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Presented By:Durga Prasad Ghosh School Of Mechanical Engineering K.I.I.

T University

Introduction

What is MFC
MFC configuration and design Basic components

MFC performers
Advantages of MFC Emerging Opportunities Technological challenges Conclusion References

An increasing need for new energy resources due to concerns over the

limited availability of fossil fuels have motivated the development of


microbial fuel cells (MFCs) based technology.

MFCs have attracted considerable attention over the last decade as a

sustainable technology for simultaneous electricity generation and waste


water treatment.

Due to rapid advances in MFC based technology, MFC power production

has increased by several order of magnitude.

However, many limitations and bottlenecks still need to be overcome in order to achieve full scale applications.

Bacteria gain energy by transferring electrons from an electron donor

such as glucose or acetate, to an electron acceptor such as oxygen.

The larger the potential difference between donor and acceptor, the larger is the energy gain.

MFCs are devices that convert chemical energy in organic compounds to


electrical energy through microbial catalysis at the anode under

anaerobic conditions, and the reduction of terminal electron acceptor

mostly oxygen, at the cathode.

Schematic drawing of microbial fuel cell.

Basically there are three type of MFC configurations :1.


2. 3.

Two chambered MFC configuration.


Single chambered MFC configuration Up-flow MFC configuration

A two chambered configuration consists of an anode and a cathode

chamber separated by a CEM/PEM such as Nafion or Ultrex.

Electrochemically active bacteria in the anode chamber substrate and separate the electrons from the protons.

oxidize the

The electrons travel to the cathode through the external circuit, and the
proton diffuse though the electrolyte and the CEM/PEM.

The protons and electrons subsequently combine at the cathode with

oxygen, aided by a catalyst such as platinum, to form water.

A two chambered MFC configuration

A single chambered MFC does not require a cathode compartment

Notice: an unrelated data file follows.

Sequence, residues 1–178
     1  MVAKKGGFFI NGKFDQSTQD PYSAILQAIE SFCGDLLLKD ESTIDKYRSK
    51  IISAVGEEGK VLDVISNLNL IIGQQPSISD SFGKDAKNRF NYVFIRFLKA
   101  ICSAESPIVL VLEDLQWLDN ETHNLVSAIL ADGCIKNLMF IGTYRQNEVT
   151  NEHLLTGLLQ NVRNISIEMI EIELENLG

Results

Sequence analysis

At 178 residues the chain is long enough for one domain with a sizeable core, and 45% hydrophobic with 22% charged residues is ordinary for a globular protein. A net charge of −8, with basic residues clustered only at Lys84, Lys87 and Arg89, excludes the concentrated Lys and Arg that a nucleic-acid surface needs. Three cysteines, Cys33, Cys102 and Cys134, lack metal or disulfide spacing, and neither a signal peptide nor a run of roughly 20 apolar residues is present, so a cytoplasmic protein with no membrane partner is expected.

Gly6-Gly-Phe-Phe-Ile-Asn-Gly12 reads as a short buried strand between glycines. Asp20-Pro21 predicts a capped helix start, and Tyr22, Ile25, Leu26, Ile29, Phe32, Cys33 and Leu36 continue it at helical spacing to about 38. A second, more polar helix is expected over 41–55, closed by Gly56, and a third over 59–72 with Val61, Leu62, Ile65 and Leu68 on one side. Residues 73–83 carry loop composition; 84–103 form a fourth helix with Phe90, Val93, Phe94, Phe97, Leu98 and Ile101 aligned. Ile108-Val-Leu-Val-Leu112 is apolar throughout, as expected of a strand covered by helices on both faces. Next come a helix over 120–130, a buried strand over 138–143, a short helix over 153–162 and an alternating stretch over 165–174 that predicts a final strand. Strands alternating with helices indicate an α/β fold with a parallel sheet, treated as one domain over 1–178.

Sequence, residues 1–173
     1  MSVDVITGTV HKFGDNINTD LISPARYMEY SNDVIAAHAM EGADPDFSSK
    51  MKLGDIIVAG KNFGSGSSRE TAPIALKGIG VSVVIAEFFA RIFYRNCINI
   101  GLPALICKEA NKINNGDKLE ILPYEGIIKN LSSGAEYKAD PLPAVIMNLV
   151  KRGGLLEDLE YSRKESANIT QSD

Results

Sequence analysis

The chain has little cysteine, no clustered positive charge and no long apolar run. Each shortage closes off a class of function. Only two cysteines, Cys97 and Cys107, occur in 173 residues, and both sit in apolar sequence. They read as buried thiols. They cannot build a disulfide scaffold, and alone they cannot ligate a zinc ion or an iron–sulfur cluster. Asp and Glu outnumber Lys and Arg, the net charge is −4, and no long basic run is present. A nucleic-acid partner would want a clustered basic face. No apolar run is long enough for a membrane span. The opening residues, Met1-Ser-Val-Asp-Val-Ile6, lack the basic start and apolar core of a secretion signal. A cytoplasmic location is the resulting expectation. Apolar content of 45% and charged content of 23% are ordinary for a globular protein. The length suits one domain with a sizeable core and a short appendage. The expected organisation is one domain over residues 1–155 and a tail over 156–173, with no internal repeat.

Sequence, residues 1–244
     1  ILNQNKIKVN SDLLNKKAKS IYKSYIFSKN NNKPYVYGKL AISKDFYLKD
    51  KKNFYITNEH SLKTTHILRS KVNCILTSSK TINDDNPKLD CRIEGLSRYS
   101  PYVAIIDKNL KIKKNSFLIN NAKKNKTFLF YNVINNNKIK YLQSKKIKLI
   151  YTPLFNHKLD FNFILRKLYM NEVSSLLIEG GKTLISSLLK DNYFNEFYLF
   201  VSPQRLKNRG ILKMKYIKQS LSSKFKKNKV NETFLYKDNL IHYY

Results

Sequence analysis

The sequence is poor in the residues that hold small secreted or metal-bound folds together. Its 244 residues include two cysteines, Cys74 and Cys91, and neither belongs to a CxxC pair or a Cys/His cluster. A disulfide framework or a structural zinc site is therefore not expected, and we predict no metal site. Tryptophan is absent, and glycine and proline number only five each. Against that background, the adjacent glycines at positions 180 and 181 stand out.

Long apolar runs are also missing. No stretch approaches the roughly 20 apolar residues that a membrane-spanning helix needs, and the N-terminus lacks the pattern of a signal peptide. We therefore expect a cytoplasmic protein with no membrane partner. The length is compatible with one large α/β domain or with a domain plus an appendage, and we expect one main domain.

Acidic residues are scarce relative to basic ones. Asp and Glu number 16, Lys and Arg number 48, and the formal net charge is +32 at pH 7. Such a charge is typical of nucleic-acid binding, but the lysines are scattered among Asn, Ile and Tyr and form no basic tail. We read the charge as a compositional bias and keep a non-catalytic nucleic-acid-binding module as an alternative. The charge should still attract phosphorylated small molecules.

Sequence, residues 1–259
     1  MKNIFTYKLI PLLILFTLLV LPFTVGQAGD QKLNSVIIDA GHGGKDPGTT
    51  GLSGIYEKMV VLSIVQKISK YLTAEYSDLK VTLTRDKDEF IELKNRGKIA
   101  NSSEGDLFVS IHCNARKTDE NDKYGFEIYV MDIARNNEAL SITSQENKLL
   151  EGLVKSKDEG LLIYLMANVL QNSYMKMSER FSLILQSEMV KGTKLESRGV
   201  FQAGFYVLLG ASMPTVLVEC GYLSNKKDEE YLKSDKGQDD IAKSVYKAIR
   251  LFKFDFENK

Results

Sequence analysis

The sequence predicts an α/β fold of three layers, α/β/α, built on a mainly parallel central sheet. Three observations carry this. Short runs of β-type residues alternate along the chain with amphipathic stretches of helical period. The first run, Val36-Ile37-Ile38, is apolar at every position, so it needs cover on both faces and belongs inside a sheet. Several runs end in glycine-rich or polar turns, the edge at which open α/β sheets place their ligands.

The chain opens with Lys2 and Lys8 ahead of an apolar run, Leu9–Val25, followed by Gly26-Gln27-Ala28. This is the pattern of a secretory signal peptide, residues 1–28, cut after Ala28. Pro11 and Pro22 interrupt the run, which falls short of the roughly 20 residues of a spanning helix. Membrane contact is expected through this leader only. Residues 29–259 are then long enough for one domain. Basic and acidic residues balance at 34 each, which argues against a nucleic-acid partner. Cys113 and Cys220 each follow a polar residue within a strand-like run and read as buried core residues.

because the cathode is directly exposed to the air.

In single chambered MFC there an increase in power output because the internal ohmic resistance is reduced by avoiding the catholyte.

Though the use of catholyte is avoided but a Nafion membrane is still


used.

The undesirable back diffusion of oxygen from the cathode to the anode

and microbial contamination of the cathode are the two major concerns.

A single chambered MFC configuration

Another typical MFC design used is a continuous up-flow membrane

less MFC.

In this design anode is at the bottom and cathode at the top, with glass wool and glass beads as separators instead of membranes.

The fuel is continuously supplied to the bottom of the anode and the
effluent passes through the cathode compartment.

This configuration is attractive due to easy scale-up and lack of CEM

associated limitations, such as proton transfer problems.

However oxygen back diffusion is the critical drawback.

Up-flow MFC configuration

Anode

Cathode
Ion exchange membrane Catalyst

Choosing proper material for electrode and CEM is one of the critical

challenges for practical applications.

The specific materials for each compartment used in MFCs can affect power density and columbic efficiency.

Carbon is the most common electrode material because it is inexpensive,


has a high surface area and is highly conducting but quite fragile.

In cathode compartment, expensive catalysts such as platinum, are generally used to reduce the high over-potential for oxygen reduction

Activation overpotential

Ohmic overpotential
Concentration polarization Transport of charge in electrolyte Membrane resistance The structure of anode Upscalling